The new Northern Executive is holding its first meeting at Stormont today after the issue of who would
become Minister of Justice was resolved in the Assembly chamber yesterday.
The East Derry Independent unionist MLA Claire Sugden (29) agreed to become the North's Minister of Justice after she was nominated by Deputy First Minister Martin McGuinness. She succeeds Alliance leader David Ford.
Her appointment allowed the d’Hondt system of appointing Ministers based on the proportional strength of parties to be triggered and the fourth Northern Executive since 1999 to be formed.
The Executive is dominated by the DUP and Sinn Féin after the Ulster Unionist Party and the SDLP, who were each entitled to one ministry in the new administration, decided to go into formal Opposition. Alliance rejected the offer of again taking on justice because it failed to gain concessions on issues such as the Assembly vetoing system and integrated education.
In addition to the posts of First Minister and Deputy First Minister, there were eight ministries and two junior ministries to be filled yesterday. The DUP took over four departments and a junior post and Sinn Féin took on three full departments and a junior post.
Under d'Hondt the DUP had first pick with Strangford MLA Simon Hamilton taking over the Department of the Economy. Sinn Féin South Belfast MLA Mairtín Ó Muilleoir was appointed as Minister of Finance, the first time a Sinn Féin politician has held this post.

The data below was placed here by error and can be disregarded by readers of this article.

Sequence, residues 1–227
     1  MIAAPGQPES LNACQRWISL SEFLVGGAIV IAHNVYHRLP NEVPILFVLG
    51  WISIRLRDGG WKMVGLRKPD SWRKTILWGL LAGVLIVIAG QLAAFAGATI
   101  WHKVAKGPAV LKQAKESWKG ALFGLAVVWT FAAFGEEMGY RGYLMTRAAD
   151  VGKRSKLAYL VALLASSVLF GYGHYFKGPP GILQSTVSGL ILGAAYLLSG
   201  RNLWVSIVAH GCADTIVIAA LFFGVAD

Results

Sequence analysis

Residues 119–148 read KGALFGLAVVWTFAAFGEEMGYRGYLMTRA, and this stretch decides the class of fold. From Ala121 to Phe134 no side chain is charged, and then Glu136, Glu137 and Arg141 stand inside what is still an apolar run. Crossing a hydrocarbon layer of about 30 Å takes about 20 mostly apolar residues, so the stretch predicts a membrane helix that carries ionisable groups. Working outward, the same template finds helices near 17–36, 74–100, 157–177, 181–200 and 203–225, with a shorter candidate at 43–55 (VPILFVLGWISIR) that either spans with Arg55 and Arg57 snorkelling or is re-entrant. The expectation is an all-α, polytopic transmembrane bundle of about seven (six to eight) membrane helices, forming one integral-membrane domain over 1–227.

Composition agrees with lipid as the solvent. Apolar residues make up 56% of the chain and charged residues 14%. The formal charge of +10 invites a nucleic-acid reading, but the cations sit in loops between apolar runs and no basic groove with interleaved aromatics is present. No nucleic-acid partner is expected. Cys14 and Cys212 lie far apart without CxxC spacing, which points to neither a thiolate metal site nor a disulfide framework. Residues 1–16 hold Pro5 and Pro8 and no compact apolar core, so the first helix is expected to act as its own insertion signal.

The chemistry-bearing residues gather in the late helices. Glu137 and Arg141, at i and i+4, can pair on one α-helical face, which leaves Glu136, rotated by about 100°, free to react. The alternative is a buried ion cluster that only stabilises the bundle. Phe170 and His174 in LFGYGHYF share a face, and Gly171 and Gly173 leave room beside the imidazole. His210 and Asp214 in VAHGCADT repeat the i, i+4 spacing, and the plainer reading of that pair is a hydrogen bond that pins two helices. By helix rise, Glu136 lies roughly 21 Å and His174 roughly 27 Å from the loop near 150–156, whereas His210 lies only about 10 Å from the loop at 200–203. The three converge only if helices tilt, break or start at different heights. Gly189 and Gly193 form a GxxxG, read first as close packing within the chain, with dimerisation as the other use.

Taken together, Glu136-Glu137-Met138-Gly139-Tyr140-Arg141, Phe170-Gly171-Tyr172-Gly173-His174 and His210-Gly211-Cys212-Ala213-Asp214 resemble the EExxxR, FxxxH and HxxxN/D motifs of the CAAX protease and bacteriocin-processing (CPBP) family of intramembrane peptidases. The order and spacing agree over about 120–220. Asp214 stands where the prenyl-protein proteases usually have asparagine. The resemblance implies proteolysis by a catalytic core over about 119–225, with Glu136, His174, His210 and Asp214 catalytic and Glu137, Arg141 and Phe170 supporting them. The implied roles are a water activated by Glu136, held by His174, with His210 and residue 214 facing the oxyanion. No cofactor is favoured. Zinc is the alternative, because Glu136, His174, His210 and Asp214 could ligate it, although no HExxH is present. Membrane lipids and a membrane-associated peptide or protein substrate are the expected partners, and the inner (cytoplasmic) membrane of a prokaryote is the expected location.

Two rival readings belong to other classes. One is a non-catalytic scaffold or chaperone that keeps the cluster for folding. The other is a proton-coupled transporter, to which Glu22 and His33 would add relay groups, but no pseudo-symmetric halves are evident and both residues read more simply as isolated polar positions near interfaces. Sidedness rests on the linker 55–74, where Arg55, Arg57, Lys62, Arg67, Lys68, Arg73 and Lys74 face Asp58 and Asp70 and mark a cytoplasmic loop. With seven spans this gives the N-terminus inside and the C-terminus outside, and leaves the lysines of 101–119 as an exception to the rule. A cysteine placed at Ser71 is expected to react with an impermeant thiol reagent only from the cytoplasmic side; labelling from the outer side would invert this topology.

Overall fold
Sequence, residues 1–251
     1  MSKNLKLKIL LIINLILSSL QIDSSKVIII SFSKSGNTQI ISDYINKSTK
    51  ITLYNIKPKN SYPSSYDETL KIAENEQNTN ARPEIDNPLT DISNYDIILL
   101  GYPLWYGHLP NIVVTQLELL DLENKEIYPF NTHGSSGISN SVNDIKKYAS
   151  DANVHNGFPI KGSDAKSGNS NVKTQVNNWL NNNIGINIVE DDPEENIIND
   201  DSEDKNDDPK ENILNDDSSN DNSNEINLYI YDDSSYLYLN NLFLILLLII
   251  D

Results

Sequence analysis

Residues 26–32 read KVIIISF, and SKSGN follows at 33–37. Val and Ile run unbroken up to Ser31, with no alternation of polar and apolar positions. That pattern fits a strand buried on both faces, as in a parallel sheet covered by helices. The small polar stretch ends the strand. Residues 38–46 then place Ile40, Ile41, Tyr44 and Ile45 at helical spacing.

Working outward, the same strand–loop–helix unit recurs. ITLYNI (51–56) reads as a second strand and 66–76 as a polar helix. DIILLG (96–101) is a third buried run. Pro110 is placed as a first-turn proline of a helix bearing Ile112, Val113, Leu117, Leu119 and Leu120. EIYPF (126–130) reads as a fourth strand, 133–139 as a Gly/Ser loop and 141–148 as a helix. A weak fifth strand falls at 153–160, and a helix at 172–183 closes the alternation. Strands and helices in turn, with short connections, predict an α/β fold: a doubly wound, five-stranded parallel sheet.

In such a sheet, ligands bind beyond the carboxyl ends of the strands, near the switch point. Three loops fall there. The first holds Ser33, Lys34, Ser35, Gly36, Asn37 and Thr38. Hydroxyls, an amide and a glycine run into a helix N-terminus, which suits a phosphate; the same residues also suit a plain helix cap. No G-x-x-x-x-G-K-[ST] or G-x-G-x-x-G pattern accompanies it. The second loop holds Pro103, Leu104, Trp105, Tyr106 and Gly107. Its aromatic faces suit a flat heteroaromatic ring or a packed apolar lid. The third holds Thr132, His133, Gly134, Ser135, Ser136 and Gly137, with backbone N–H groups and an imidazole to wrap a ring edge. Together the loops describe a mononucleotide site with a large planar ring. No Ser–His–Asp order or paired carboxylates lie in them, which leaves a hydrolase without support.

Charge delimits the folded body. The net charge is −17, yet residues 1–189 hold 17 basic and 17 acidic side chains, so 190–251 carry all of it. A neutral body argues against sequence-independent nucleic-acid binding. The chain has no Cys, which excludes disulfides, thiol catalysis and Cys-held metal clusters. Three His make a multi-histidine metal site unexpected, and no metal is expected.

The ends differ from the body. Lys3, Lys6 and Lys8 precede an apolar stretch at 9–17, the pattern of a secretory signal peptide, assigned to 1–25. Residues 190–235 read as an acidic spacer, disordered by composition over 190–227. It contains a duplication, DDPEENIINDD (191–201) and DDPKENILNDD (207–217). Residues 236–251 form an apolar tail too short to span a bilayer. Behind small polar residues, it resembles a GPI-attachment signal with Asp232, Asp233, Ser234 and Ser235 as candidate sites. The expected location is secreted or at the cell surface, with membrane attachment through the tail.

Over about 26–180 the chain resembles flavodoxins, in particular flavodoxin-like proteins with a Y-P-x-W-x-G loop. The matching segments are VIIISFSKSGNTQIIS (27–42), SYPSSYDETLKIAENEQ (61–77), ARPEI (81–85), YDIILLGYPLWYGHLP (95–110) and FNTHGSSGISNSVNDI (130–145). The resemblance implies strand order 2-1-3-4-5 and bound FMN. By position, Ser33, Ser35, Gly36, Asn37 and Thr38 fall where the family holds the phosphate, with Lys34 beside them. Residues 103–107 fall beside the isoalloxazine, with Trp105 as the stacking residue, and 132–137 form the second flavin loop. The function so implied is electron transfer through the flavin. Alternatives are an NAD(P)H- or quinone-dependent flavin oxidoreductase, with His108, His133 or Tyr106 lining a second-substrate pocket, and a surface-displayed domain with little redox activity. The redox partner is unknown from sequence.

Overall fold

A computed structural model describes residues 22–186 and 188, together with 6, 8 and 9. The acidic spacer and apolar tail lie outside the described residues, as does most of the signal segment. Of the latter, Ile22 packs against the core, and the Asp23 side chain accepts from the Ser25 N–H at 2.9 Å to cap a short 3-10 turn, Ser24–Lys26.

DUP MLA Peter Weir took on education and Sinn Féin MLA Chris Hazzard was appointed Minister of Infrastructure.
DUP MLA Michelle McIlveen took over the Department of Agriculture, Environment and Rural Affairs while DUP MLA Paul Givan was appointed Minister of Communities. Sinn Féin MLA Michelle O'Neill took on the Department of Health.
The junior posts went to DUP MLA Alastair Ross and to the Sinn Féin MLA, Megan Fearon who, at 24, is the youngest Assembly member.
The formation of the Executive hinged on whether the Justice portfolio could be filled. Northern Secretary Theresa Villiers had warned that failure to appoint a minister of justice could result in another election.
Ms Sugden, who is two years in the Assembly, said it was “probably the most difficult decision” of her life and had “caused her a lot of anxiety”. But it was an opportunity for her, her constituents and the North.
First Minister Arlene Foster said Ms Sugden would be a Minister for "all the people" while Mr McGuinness said he had "every confidence in her ability" to take on "this onerous responsibility".